Tyrone Power and Don Ameche were originally set for the top honors with Alice Faye, but casting assignments necessitated shifts of Jack Oakie and John Payne into the Power-Ameche slots, and addition of Betty Grable. Hays Office also stepped in and required extended cutting of the harem number, nixing what was claimed a too vivid display of showgirls’ torsos. Particularly efficient job of cutting in this sequence retains all of the entertainment, and speeds things up in what might have developed into a slowdown spot.
Story [by Pamela Harris] carries background of the noisy but colorful stretch of 46th Street and 8th Avenue, headquartering successful and shoestring song publishers in 1915. Oakie is a typical breezy ex-vaudevillian, teamed with tunesmith-ambitious Payne in a publishing venture. The impecunious pair hit the jackpot with a pop tune, and swing into swank offices, with main song-plugging end handled by Faye, half of a sister act who warms up to Payne. But there’s the inevitable romantic split. Faye hops to London to become a music hall sensation with Grable.
In addition to infectious and solid entertainment factors, Tin Pan Alley focuses attention on the Edgar Leslie-Archie Gottler hit of 1917, ‘America I Love You’. Other old favorites brought back for renewed interest include ‘Goodbye Broadway, Hello France’, ‘K-K-Katy’, ‘Moonlight Bay’, ‘Honeysuckle Rose’ and ‘Shiek of Araby’. New tune ‘You Say the Sweetest Things (Baby)’, by Mack Gordon and Harry Warren, is enhanced by extended production montage.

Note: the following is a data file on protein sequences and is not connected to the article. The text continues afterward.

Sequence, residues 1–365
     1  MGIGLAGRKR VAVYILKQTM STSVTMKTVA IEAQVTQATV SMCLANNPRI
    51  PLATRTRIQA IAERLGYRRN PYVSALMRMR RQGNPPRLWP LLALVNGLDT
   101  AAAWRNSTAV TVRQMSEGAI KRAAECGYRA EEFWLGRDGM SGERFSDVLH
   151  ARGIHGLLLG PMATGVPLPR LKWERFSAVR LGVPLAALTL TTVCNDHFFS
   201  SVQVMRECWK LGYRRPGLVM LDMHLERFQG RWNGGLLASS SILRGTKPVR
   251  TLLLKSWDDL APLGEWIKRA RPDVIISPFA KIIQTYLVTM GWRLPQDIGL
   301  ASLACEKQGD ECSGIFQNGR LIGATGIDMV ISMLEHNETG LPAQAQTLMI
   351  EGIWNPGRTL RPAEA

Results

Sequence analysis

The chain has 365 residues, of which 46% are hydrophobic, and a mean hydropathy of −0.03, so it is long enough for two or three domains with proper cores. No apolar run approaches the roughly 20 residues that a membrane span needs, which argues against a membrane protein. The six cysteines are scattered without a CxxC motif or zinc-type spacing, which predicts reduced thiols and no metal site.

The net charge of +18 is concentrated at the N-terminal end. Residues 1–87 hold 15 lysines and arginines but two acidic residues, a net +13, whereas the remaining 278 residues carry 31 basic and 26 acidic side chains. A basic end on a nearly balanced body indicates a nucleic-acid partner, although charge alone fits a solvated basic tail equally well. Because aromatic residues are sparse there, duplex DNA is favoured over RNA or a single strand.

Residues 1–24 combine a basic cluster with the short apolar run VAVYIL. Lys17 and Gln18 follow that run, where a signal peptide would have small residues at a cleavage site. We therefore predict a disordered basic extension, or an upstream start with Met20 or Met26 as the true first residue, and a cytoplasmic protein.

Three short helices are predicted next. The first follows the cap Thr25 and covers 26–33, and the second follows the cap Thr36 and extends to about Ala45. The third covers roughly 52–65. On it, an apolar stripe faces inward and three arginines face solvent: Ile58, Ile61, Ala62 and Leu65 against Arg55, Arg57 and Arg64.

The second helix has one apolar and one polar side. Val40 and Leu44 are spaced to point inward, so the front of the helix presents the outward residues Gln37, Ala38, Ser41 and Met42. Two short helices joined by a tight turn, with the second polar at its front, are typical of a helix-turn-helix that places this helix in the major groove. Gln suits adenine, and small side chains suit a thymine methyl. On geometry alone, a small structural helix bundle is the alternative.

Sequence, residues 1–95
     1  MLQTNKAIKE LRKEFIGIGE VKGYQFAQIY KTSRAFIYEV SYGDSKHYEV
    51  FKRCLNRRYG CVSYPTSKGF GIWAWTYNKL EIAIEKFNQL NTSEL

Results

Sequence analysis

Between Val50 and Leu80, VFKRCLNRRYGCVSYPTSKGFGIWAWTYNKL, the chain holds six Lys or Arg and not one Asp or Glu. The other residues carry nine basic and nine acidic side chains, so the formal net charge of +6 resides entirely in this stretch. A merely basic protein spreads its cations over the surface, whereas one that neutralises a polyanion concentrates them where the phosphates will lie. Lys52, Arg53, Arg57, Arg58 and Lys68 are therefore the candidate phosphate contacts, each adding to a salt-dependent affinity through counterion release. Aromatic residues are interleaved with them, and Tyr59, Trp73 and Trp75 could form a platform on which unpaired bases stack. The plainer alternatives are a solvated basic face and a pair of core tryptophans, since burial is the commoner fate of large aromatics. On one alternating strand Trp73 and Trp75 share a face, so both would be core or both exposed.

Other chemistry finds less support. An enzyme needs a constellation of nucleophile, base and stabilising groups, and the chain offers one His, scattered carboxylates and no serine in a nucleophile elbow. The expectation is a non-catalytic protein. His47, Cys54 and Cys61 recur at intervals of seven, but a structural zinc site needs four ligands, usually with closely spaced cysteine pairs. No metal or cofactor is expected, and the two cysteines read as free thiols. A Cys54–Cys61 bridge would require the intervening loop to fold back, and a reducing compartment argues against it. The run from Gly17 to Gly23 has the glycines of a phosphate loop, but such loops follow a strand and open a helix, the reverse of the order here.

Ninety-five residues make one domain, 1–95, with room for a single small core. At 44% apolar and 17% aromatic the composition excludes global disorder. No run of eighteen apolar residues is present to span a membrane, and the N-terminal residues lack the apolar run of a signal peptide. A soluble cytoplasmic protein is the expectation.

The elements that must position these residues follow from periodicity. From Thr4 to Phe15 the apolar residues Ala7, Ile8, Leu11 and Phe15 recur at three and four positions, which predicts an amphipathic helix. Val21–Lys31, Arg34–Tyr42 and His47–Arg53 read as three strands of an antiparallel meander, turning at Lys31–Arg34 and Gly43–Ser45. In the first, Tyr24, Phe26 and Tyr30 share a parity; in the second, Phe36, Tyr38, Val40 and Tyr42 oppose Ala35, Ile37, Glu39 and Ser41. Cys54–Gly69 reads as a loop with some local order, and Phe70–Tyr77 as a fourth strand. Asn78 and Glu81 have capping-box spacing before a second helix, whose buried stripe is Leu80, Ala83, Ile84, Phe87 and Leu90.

Oakie provides a standout characterization as the free-and-easy vaudevillian, generating plenty of laughs with his mugging lines and situations that highlight his abilities. Faye is highlighted as the senior member of the sister act, and carries most of the singing burden to topmost effect. Grable displays her shapeliness in a series of abbreviated and eyeful costumes, although the camera in other respects is sometimes none too flattering; and Payne catches attention with his serious-minded portrayal of the ambitious song publisher and suitor in the romantic sequences.
1940: Best Score